Tactile power steering for order picking carts
Vehicles in logistics centers will be more intuitive to steer in the future, thus making work easier and safer. “Tactile” handles being developed by Fraunhofer researchers will make this possible: They employ pressure sensors to detect the direction in which a user is pushing or pulling the cart. Whenever there is a risk of a collision, the cart stops immediately.
Logistics centers are chaotic places: forklifts, industrial trucks, motorized carts, also called ants in German, convey loads from point A to point B. Workers have been using a control panel with five to ten buttons to steer such carts. Since fully loaded carts can weigh as much as 500 kilograms, improper handling can often result in serious accidents.
Using hand pressure to steer
The tactile handles being developed by researchers at the Fraunhofer Institute for Factory Operation and Automation IFF in Magdeburg will make the operation of motorized carts more intuitive in the future. “Users will steer carts merely with hand pressure,” explains Prof. Klaus Richter, expert group manager at the Fraunhofer IFF. “Whereas steering used to require effort, our handle has a kind of power steering.” This means that workers can get a cart moving in the right direction with very little effort. Pressure sensors integrated in the handle make this possible. Since the handles are equipped with sensors for both hands, a cart does more than just detect whether it is being pushed or pulled. Software that compares right and left hand pressure enables a cart to recognize the particular direction specified by the user as well. The researchers are presently working to ascertain how many sensors are needed to steer a cart easily — the prototype has four sensors for the time being. “We intend to minimize the components in order to keep the price down,” explains Richter.
Vehicle to vehicle communication for logistics
Commands given to order picking carts by workers by hand pressure are transmitted to motors like those used for electric bikes. The motor is able to execute the commands in a few milliseconds. This would be faster than an operator could handle, though. “We are developing the system to reach top speed and then we introduce artificial delays,” reveals Richter. Psychological tests with subjects will pinpoint how long delays have to be to maximize user safety and ease of operation. “At the moment, we are working with our colleagues from Cloud & Heat on transmitting every worker command to a cloud where the commands will be collected and coordinated,” says Richter. If a cart being taken around a blind curve is at risk of colliding with another cart, both carts will be stopped automatically — just like the vision of vehicle to vehicle communication. The researchers have already attained a latency of 10 milliseconds, i.e. the signal needs only 10 milliseconds to travel from the tactile handle to the cloud and back to the motor control unit.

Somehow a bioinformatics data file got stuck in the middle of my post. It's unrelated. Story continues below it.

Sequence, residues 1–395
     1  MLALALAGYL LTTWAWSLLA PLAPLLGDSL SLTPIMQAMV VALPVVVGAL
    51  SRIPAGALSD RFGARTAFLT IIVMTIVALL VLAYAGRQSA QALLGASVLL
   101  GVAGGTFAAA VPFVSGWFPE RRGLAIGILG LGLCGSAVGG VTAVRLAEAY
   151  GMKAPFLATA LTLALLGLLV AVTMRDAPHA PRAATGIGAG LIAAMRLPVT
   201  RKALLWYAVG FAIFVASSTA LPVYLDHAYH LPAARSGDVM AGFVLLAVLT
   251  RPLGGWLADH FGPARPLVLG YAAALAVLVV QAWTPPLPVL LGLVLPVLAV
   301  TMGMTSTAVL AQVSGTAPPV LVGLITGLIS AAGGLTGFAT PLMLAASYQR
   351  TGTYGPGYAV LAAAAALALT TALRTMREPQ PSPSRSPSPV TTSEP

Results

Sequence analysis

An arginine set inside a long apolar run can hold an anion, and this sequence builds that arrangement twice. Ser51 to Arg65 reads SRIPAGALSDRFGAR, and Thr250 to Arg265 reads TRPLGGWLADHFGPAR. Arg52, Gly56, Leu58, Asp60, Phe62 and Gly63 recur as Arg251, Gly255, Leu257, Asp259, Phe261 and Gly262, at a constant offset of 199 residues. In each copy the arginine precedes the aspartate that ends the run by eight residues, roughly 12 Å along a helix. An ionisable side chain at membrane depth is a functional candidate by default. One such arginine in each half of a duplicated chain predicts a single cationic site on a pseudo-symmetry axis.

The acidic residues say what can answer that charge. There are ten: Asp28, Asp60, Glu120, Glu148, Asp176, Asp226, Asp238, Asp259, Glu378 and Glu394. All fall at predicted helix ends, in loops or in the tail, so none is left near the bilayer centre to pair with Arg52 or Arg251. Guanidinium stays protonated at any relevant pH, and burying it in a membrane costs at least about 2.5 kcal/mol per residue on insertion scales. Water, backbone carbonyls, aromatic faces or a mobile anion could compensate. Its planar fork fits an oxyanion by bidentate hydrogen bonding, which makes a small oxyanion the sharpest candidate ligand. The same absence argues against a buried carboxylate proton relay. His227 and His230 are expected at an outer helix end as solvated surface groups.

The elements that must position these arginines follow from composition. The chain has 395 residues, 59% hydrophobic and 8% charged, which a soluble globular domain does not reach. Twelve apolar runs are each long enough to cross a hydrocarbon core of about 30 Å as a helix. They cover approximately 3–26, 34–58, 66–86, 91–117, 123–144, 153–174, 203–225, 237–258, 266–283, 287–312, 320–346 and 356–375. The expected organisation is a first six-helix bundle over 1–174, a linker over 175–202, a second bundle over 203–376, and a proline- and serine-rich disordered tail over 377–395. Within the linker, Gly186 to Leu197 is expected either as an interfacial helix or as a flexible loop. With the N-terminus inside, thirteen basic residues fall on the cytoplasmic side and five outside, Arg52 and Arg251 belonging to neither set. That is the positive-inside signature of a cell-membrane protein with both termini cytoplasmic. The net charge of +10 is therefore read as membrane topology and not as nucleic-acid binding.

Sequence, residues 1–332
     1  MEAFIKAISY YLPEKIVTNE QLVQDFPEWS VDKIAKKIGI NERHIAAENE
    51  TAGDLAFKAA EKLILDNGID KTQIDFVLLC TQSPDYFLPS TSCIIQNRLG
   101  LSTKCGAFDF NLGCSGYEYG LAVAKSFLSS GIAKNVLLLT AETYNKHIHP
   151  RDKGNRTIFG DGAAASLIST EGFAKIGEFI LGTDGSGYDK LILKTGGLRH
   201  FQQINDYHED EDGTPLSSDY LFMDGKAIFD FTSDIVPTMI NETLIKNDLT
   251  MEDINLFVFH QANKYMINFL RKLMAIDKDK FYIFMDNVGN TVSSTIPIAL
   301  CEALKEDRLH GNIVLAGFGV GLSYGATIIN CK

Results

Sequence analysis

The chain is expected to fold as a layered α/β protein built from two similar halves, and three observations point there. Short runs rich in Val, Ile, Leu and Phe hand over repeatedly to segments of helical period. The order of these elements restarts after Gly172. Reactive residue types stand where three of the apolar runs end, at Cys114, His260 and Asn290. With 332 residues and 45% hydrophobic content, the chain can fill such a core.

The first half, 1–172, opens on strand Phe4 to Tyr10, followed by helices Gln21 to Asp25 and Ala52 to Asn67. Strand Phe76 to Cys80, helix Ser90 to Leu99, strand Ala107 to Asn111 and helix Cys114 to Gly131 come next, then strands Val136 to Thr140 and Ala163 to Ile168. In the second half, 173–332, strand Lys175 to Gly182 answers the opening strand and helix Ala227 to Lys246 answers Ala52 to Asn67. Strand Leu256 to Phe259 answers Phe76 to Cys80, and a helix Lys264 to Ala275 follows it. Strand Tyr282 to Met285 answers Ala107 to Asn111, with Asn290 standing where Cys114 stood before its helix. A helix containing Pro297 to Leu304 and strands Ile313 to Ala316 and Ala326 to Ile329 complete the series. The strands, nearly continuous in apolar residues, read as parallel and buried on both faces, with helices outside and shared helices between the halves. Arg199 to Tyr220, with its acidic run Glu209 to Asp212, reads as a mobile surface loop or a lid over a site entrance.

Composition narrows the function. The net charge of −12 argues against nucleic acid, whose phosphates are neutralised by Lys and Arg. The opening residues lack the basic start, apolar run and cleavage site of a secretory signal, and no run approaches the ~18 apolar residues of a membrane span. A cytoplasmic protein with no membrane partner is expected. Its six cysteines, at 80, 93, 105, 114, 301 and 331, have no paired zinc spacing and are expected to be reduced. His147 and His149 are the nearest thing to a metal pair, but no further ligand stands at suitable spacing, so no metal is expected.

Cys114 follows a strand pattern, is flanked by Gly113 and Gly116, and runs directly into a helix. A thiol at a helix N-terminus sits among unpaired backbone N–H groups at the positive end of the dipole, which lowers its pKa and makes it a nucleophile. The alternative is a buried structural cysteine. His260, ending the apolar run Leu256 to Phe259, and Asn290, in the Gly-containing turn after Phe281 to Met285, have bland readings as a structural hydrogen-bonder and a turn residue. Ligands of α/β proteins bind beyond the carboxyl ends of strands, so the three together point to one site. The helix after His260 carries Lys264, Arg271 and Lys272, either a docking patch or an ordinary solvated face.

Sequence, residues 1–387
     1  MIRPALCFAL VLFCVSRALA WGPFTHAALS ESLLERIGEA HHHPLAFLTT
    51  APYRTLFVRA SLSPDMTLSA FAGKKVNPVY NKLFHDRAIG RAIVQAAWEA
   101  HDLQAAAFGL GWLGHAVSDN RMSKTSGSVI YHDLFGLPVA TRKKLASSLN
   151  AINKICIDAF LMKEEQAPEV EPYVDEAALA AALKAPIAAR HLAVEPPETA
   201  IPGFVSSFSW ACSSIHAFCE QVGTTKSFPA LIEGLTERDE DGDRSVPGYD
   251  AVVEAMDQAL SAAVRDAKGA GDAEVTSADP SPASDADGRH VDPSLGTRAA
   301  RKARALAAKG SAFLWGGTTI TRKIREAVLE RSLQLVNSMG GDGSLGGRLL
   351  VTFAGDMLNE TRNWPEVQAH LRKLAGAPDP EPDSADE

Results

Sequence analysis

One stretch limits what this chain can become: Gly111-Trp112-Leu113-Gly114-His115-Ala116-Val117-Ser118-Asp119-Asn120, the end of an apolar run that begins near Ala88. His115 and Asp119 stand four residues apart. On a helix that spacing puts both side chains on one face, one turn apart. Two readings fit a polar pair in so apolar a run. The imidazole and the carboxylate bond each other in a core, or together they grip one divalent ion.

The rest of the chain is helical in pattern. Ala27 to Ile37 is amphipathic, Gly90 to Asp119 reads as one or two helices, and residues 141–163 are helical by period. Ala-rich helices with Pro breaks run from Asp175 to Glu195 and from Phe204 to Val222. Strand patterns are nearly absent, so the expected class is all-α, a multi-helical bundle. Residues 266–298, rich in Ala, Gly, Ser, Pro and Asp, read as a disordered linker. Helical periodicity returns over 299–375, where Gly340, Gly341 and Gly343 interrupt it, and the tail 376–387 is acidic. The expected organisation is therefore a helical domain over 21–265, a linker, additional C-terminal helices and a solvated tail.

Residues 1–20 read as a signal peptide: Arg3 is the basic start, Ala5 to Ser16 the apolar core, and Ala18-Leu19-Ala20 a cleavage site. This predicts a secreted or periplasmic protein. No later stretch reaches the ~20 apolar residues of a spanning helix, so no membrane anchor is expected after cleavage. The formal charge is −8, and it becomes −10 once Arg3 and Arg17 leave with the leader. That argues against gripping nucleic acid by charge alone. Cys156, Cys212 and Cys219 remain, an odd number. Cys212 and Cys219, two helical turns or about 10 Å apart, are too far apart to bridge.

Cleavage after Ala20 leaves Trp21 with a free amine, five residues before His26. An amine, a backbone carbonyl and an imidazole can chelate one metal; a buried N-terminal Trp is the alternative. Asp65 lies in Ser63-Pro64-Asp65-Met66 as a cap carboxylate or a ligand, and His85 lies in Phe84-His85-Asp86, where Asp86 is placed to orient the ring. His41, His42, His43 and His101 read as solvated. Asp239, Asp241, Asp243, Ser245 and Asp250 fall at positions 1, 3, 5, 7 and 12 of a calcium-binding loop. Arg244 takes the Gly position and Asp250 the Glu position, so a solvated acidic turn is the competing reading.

The researchers will be presenting their development at Hannover Messe (Halle 17, Booth C18) from April 25 to 29, 2016. Visitors will be able to test the power steering system right there, using real handles to push a virtual cart. They will also be able to vary the parameters of the order picking cart — whether these be the weight of the load or the response time with which the cart executes entered commands.
FAST Realtime research project
The tactile handle is being developed in the FAST Realtime research project, which is primarily being advanced by the mobile communications industry and is part of the 2020 Cluster Strategy. The project with total funding of € 50 million is intended to develop new human-machine interfaces. Whereas the purpose of the “Internet of Things” is to interconnect individual objects, the “Tactile Internet” is about defining interfaces to humans, which make objects more effective and more intuitive as well as safer.